Regulatory requirements

All providers of adult social care who carry out “regulated activities”, including running a care home or providing personal care, are required to register with the Care Quality Commission (CQC) and demonstrate they meet fundamental standards set out in regulations. This includes requirements to provide person-centred care and to always treat people with dignity and respect.  

Guidance for providers on meeting the regulations, published by the CQC, explains that people using services “must not be discriminated against in any way and the provider must take account of protected characteristics, set out in the Equality Act 2010.” It says providers must also “have due regard to people’s protected characteristics in the way in which they meet all other regulatory requirements.” This includes, for example, in relation to ensuring care reflects a person’s preferences. The guidance adds that people’s relationships with visitors, carers, friends and family should be respected.

The CQC has also published further guidance for inspectors and adult social care providers on relationships and sexuality in adult social care services (PDF).

Social care experiences of LGBT+ people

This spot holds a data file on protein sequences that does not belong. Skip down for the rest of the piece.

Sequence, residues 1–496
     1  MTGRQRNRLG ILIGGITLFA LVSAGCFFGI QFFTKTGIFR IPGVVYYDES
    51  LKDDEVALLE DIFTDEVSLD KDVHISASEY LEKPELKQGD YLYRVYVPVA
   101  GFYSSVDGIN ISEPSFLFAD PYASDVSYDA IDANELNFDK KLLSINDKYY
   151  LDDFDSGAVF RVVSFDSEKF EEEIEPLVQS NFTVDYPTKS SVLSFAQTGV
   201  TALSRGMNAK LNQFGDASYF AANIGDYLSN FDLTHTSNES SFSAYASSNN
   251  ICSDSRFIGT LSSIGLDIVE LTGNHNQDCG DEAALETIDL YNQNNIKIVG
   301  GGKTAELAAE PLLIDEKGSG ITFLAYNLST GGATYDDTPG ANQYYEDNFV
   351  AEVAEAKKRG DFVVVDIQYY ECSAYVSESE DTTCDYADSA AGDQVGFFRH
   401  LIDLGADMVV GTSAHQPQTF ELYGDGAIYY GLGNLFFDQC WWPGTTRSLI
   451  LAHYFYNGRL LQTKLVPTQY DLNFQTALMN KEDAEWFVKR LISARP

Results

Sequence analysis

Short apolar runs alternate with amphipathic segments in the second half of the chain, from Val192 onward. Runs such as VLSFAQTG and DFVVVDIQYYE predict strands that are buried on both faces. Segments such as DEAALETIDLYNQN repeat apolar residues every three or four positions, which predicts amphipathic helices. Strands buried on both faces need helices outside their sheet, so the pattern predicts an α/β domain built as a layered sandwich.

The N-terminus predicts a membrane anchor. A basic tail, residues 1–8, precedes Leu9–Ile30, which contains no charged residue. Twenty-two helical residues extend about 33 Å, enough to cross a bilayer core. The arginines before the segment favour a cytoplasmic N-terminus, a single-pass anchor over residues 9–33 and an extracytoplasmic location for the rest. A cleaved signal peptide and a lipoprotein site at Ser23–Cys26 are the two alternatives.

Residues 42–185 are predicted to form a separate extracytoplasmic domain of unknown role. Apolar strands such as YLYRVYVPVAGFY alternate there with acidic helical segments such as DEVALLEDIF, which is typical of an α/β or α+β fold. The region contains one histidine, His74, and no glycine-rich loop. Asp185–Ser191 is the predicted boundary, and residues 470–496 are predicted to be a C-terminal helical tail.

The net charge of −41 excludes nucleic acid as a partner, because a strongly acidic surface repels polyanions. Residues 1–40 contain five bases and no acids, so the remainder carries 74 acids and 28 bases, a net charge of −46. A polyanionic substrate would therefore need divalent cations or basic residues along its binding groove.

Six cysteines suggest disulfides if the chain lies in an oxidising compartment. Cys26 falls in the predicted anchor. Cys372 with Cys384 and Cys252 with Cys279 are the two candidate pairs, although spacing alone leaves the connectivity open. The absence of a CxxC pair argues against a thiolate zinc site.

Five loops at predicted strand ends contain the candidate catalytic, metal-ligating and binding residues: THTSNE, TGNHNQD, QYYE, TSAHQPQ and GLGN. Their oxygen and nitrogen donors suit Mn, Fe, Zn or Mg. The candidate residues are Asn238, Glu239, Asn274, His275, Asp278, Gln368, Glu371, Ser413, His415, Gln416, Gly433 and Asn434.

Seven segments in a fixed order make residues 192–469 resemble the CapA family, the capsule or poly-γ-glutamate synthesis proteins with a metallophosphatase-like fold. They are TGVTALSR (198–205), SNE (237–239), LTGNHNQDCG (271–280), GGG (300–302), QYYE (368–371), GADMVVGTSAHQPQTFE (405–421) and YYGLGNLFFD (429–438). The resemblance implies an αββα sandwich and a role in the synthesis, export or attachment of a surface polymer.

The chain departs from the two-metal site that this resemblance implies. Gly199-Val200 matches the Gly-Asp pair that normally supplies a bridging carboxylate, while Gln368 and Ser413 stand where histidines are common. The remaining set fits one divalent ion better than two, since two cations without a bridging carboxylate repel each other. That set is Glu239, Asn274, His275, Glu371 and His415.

For a number of reasons, LGBT+ people may “not have the expansive family networks of support as they enter old age when compared to people who do not identify as LGBT+”. However, research suggests LGBT+ people report worse experiences of social care than people who do not identify as LGBT+.

A 2019 report on health and social care and LGBT communities (PDF), published by the Women and Equalities Committee, said:

LGBT people need to be treated equally, but not identically to, other groups. Access to the same services as others is ineffective if that service is structured for a heterosexual and cisgender default and has limited flexibility. There is not enough understanding from service-providers of the different needs that LGBT people might have.

We have found that too few health and social care providers are actively thinking about LGBT people when they plan their services and that senior leaders are not doing enough to ensure that LGBT-inclusion is hardwired into commissioning strategies…While few people set out to discriminate, training currently sends the message that sexual orientation and gender identity are not relevant to providing “person-centred care”. We have heard that for many witnesses that it is, in fact, essential.

The evidence suggested, the report said, that most social care professionals “feel under-equipped to deal with LGBT people’s needs rather than intentionally discriminating.” It added that most innovation in creating LGBT-inclusive services seems to come from individuals rather than at a strategic level.

Among other things, the report recommended that:

  • Those responsible for the training of social care professionals “should treat training on LGBT needs with the same integral importance as other basic training.”
  • The CQC should conduct a thematic review of social care services for LGBT people which should include examples of best practice and guidance to social care providers around how to create LGBT-inclusive services.